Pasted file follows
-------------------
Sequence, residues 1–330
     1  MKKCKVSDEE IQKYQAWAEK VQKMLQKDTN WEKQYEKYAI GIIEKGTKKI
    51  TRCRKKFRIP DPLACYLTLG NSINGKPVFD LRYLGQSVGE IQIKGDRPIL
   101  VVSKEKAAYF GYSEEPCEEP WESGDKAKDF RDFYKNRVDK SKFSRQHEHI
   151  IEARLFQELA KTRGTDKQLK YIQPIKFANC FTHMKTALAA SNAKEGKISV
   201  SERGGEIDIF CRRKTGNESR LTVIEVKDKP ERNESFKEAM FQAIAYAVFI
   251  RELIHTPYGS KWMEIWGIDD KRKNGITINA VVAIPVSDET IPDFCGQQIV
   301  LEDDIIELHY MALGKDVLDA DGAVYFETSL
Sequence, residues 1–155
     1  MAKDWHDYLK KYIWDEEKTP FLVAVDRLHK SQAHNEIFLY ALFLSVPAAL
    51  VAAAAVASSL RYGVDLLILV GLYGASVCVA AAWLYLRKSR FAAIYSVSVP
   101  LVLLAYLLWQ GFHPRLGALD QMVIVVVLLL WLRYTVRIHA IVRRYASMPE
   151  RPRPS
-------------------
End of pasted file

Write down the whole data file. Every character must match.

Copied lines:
Sequence, residues 1–330
     1  MKKCKVSDEE IQKYQAWAEK VQKMLQKDTN WEKQYEKYAI GIIEKGTKKI
    51  TRCRKKFRIP DPLACYLTLG NSINGKPVFD LRYLGQSVGE IQIKGDRPIL
   101  VVSKEKAAYF GYSEEPCEEP WESGDKAKDF RDFYKNRVDK SKFSRQHEHI
   151  IEARLFQELA KTRGTDKQLK YIQPIKFANC FTHMKTALAA SNAKEGKISV
   201  SERGGEIDIF CRRKTGNESR LTVIEVKDKP ERNESFKEAM FQAIAYAVFI
   251  RELIHTPYGS KWMEIWGIDD KRKNGITINA VVAIPVSDET IPDFCGQQIV
   301  LEDDIIELHY MALGKDVLDA DGAVYFETSL
Sequence, residues 1–155
     1  MAKDWHDYLK KYIWDEEKTP FLVAVDRLHK SQAHNEIFLY ALFLSVPAAL
    51  VAAAAVASSL RYGVDLLILV GLYGASVCVA AAWLYLRKSR FAAIYSVSVP
   101  LVLLAYLLWQ GFHPRLGALD QMVIVVVLLL WLRYTVRIHA IVRRYASMPE
   151  RPRPS